The attack came from W Edgecombe in 1925 with his paper The Principals of Spa Therapy in Great Britain (published in Proc. R. Soc. Med. 18, 2-12; see also Johnson R (1990) Med. Hist. Supp.10, 124, Wellcome Inst.). Edgecombe concluded that the extravagant claims in the BSF handbook The Spas of Britain either were unsustainable, in which case they needed urgent revision; or that if sustainable, then there was nothing truly specific about the action of treatment for any one ailment. In fact his paper followed earlier comment that the cure at a watering place depended upon factors other than water. In their enthusiasm to promote visitor numbers the BSF members had lost sight of medical credibility and the development of targeted cures for specific ailments. Such attacks needed to be addressed and by the late 1920s the Federation handbook included comment by the "Committee for the Study of Medical Hydrology". This committee, formed in 1923, sought accreditation for spa-related therapies and skills. Later it was perpetuated in the Medical Committee of the BSF although the Federation remained essentially a grouping of resort's tourism interests, rather than a medical fraternity.
Picture - The handbook of the BSF came in two editions in between the wars. The first red (c.1924) and the second blue (c.1930).
By the early 1930s Fortescue Fox had decided to redirect his energies on a broader front. This may have been the first manifestation of political unrest and infighting within the BSF that was to jeopardise its activities, even into the 1990s. At one point the BSF was described as "a preponderance of local authorities who provided the bulk of the membership, providing councillors who were only interested in puffing their egos". Dr Fox went on to edit British Health Resorts the journal of the British Health Resorts Association, published several times in the 1930s. He died on the 15th June 1940 in London. At the time he had a London address in Devonshire Place and a country residence, Elms Farm House in Sussex. The Association continued to publish it's British Health Resorts guide after World War II, the last one known being 1950. At first called the "Wintering in England Movement" the Association formation in the 1930s was timely as the depression curtailed foreign holidays.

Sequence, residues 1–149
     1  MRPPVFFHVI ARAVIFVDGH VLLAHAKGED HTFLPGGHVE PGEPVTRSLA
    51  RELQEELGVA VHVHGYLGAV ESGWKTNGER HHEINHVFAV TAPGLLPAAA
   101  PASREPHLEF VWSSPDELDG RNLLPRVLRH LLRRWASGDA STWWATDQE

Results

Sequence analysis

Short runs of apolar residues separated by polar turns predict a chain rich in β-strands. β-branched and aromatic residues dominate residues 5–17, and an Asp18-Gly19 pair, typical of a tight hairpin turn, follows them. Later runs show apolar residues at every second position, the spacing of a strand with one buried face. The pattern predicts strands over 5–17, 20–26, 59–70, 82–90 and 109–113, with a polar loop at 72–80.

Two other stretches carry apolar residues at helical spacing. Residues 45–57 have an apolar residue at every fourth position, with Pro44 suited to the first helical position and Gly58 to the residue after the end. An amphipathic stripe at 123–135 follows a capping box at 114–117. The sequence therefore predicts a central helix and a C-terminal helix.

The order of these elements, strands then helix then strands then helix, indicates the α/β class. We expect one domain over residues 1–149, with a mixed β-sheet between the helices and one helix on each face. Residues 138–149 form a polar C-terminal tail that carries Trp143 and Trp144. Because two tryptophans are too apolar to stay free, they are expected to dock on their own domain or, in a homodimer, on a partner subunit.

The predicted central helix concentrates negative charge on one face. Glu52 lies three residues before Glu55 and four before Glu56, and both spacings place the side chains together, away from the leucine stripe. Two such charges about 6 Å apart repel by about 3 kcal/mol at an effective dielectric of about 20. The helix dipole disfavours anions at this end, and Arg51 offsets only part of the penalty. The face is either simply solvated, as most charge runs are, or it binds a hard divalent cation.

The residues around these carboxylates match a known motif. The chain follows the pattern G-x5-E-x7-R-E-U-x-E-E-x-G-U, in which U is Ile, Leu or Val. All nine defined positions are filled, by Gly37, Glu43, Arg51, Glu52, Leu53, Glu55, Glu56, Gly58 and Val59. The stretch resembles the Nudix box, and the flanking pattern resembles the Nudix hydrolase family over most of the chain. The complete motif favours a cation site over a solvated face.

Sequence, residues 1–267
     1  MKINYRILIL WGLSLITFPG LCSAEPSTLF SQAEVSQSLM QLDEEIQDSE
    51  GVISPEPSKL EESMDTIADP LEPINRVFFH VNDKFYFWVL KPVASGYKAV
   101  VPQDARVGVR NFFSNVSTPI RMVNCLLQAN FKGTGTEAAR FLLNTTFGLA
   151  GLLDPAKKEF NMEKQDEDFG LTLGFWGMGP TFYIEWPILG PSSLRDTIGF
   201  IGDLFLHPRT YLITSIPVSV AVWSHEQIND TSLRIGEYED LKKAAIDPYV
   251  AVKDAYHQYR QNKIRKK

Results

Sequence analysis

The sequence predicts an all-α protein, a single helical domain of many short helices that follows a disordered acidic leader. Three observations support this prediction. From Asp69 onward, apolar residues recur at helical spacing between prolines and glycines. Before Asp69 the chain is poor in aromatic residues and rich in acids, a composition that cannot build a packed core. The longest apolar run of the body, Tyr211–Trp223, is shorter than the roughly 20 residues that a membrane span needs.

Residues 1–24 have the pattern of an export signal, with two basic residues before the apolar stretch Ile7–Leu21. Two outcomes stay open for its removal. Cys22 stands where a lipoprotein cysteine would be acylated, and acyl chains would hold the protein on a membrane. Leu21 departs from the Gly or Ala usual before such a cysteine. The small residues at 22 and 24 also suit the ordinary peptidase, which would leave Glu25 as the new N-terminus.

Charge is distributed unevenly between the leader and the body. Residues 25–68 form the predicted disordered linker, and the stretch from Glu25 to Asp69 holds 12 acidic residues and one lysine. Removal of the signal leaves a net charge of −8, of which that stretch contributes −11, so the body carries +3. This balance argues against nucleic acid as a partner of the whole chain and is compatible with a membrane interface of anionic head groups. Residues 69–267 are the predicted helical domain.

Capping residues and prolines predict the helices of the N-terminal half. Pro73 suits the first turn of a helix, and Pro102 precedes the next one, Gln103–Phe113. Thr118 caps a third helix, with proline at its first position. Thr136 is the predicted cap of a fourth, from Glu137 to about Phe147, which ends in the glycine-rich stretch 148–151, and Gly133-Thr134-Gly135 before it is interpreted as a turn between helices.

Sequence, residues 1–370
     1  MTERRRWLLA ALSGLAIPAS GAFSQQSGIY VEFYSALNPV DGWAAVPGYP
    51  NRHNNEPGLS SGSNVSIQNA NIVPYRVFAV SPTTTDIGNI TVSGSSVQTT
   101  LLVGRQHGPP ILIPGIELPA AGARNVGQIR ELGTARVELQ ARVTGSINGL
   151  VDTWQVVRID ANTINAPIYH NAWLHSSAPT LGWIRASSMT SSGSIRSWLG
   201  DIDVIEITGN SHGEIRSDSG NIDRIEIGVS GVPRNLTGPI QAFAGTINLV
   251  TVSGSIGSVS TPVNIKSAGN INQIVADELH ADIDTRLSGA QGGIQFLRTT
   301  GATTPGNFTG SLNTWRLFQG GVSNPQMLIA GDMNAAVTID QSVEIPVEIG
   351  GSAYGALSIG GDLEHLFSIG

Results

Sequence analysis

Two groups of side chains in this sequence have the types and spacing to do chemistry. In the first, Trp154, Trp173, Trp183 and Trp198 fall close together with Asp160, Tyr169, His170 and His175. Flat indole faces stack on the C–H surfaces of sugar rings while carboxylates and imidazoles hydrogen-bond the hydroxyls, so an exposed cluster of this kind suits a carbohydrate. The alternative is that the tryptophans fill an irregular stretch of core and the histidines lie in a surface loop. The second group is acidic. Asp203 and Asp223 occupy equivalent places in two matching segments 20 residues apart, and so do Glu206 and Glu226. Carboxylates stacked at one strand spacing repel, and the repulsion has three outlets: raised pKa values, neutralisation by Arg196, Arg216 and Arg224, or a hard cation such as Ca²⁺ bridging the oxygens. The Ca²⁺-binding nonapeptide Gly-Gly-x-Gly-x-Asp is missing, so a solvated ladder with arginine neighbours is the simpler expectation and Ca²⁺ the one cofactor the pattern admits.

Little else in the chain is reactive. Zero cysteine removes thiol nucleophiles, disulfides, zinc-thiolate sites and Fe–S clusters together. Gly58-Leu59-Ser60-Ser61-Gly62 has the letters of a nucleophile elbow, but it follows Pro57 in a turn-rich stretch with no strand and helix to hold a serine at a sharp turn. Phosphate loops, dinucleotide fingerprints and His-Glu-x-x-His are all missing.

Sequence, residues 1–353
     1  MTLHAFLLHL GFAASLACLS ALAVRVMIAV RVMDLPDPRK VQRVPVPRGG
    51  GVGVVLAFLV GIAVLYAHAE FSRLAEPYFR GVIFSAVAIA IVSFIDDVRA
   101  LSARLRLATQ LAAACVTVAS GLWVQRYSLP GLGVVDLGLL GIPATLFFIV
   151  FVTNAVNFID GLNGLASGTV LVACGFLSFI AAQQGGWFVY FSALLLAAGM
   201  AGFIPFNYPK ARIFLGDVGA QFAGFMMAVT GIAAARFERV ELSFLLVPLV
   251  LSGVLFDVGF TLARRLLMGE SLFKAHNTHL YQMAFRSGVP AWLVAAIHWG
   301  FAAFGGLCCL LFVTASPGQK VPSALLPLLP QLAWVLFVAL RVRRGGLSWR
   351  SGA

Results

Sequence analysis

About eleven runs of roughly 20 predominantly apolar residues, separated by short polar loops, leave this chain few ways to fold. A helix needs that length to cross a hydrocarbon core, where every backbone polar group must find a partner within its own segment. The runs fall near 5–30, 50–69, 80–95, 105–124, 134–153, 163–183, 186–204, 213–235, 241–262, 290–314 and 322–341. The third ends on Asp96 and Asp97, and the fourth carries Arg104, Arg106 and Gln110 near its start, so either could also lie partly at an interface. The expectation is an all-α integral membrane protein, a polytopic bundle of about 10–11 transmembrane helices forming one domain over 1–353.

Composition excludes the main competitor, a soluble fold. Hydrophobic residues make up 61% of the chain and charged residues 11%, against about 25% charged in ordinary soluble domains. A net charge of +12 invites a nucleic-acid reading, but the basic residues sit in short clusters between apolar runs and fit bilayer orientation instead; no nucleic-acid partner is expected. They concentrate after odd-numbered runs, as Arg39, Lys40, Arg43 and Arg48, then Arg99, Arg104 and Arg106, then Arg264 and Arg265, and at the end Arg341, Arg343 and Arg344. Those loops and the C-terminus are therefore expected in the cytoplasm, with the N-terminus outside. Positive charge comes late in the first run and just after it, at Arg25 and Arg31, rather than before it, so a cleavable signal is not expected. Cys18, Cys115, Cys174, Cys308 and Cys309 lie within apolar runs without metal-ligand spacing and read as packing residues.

Meanwhile the BSF continued its promotion of the medical aspects of spas. In May 1930 a scheme was launched for members of The Ancient Order of Foresters to attend Spas for treatment of rheumatism. The British Spas Federation initiated the scheme that was aimed at Friendly Societies affiliated to the National Conference of Friendly Societies. The arrangement for patients included board and accommodation for 35 shillings a week (1 pound 75 pence) and medical services for 7 shillings a week (35 pence). Even these charges could be defrayed if "Sick and Funeral Funds" were solvent. The following year there was an announcement that the British Medical Association had approved the treatment of Friendly Society patients at spas.
About this time W J Leist of Leamington Spa took over as Secretary replacing J E Boddington.